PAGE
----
public health approach to drugs
Society is beginning to realize that our current approach to drugs, focused on criminalization and prohibition, isn’t working. It has not reduced the availability of drugs and their harms; therefore, there is growing interest in exploring new, evidence-based approaches and alternative strategies.1 Approaches based on public health and human rights, with attention to equity, social justice, evidence, and the underlying determinants of health, would place greater importance on individual and community well-being in policy decisions. This sharply contrasts Canada’s historical approach to substances.2
In practice, a public health and human rights approach to drugs would create policies designed to promote and protect health, as well as prevent disease, injury, and disability. For example, supervised injection and overdose prevention sites accomplish these aims, whereas arrest, prosecution, and jail time for substance use do not. People who spend time in jail are more likely to overdose upon release and suffer destabilizing social and psychological consequences that negatively impact their health and wellness.
The goal of a public health- and human rights-based approach to drugs is to promote the health and wellness of all members of a population and reduce inequities within it. This approach also ensures that the harms associated with policies and laws are not disproportionate to the actual harms of the substances themselves.3 Take for example cannabis: the overall harms of a jail sentence on a person’s health and wellbeing are much greater than the actual harms of consuming the substance, yet low-income and racialized communities have long been targeted by punitive drug laws that have thrown people in jail for possession. In this way, policies based on criminalization are not in line with a public health and human rights approach.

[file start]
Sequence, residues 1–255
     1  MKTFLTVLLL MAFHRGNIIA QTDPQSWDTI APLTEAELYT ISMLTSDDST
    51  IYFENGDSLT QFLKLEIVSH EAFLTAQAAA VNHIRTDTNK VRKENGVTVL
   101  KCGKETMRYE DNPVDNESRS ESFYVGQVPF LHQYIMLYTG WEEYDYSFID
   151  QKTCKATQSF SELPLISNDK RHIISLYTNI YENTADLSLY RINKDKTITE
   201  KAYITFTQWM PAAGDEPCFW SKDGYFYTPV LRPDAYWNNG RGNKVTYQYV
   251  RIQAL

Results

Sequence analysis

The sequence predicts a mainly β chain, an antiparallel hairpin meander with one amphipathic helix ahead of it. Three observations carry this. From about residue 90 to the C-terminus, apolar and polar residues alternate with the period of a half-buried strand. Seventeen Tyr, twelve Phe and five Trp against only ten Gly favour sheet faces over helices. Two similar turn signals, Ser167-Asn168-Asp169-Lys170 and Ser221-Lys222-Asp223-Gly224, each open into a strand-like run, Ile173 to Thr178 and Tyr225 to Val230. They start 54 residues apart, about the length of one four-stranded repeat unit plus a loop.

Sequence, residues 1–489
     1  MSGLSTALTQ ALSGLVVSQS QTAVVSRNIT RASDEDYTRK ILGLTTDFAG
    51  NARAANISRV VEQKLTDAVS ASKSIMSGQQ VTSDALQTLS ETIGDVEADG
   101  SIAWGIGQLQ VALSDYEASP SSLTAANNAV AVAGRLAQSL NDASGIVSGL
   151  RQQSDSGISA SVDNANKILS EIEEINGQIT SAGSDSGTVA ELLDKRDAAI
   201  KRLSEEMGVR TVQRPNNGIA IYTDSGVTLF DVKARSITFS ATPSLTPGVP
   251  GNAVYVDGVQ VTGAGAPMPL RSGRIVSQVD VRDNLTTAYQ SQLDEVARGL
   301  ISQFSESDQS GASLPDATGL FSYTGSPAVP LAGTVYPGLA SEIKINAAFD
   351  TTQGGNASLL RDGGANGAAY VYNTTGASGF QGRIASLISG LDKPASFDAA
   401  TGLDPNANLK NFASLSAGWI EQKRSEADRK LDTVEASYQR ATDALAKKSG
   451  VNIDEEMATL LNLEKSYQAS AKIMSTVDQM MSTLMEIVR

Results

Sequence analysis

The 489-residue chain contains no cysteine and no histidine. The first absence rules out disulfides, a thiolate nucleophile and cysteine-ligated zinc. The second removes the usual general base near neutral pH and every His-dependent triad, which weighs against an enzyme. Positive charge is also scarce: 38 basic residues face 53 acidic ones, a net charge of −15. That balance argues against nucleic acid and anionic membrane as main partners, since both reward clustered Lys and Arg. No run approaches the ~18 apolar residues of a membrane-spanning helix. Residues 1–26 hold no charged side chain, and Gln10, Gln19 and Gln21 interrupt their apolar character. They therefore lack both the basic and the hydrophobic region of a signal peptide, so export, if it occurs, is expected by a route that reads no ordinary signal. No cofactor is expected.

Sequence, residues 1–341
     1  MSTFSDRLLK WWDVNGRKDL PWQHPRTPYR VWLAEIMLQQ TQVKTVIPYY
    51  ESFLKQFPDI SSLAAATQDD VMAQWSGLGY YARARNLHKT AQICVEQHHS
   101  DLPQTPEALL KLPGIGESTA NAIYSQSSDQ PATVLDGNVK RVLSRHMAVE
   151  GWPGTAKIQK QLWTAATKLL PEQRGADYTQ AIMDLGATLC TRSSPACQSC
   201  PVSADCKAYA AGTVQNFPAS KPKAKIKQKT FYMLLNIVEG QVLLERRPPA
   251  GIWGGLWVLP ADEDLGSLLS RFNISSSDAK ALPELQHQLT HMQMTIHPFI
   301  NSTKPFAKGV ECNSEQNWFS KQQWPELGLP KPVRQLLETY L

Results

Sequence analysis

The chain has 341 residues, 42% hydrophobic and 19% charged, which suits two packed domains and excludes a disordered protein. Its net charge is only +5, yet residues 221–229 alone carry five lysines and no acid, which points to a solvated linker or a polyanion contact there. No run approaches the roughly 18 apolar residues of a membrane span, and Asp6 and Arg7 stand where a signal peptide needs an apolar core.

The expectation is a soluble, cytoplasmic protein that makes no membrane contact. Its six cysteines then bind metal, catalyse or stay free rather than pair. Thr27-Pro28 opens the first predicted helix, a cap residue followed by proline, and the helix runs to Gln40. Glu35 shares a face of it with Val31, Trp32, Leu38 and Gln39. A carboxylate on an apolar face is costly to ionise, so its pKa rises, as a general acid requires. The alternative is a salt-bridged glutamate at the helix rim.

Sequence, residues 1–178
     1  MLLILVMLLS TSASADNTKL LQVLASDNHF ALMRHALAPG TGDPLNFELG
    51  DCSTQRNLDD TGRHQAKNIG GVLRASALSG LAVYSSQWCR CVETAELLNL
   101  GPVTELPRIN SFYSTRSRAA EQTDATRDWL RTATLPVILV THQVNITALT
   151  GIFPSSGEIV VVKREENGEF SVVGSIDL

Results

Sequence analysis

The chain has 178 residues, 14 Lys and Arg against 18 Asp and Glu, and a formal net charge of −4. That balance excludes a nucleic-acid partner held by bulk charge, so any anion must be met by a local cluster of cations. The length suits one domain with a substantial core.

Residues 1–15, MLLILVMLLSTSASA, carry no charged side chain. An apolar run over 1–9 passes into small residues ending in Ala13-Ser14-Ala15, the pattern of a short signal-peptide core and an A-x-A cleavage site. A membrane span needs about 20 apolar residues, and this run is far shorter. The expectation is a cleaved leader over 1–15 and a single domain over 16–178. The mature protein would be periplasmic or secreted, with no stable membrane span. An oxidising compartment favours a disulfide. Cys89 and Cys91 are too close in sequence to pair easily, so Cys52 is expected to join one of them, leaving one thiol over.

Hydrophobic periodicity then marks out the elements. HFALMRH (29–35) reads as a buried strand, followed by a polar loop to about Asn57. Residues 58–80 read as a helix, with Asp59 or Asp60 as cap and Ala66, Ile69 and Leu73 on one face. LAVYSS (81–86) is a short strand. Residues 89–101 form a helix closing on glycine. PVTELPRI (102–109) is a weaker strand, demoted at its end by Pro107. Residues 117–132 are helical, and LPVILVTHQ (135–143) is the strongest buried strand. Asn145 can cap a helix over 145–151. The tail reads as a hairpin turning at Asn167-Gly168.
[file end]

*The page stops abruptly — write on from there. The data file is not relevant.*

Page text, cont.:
“A public health and human rights approach includes the perspectives of people who use or are affected by problematic substance use, and ensures that a continuum of interventions, policies, and programs are implemented that are attentive to the potential benefits and harms of substances, as well as the unintended effects of the policies and laws implemented to manage them.”~ Canadian Public Health Association
This approach takes into account a whole range of factors determining whether someone is healthy or not throughout their life, and whether they are treated with fairness and equity. It is a holistic, comprehensive approach that includes not only addressing the traditional physical, biological, and psychological factors contributing to wellness, but also the social determinants of health—such as wealth distribution, education, housing, and social inclusion— as well as the determinants of social and health inequities, like power imbalance, racism, classism, ageism, and sexism.
A public health and human rights approach recognizes that problematic substance use is often a sign of underlying issues and inequities; emphasizes evidence-based, pragmatic initiatives; and considers social justice, equity, and respect for human rights.4 It supports evidence-based prevention strategies (especially for children and youth), high-quality mental health services, easy-to-access evidence-based treatment options, recovery and social supports, rehabilitation, harm reduction, and elimination of stigma and discrimination.5 To support human rights, this approach means that access to these services should also be equitable.
[1-5] Canadian Public Health Association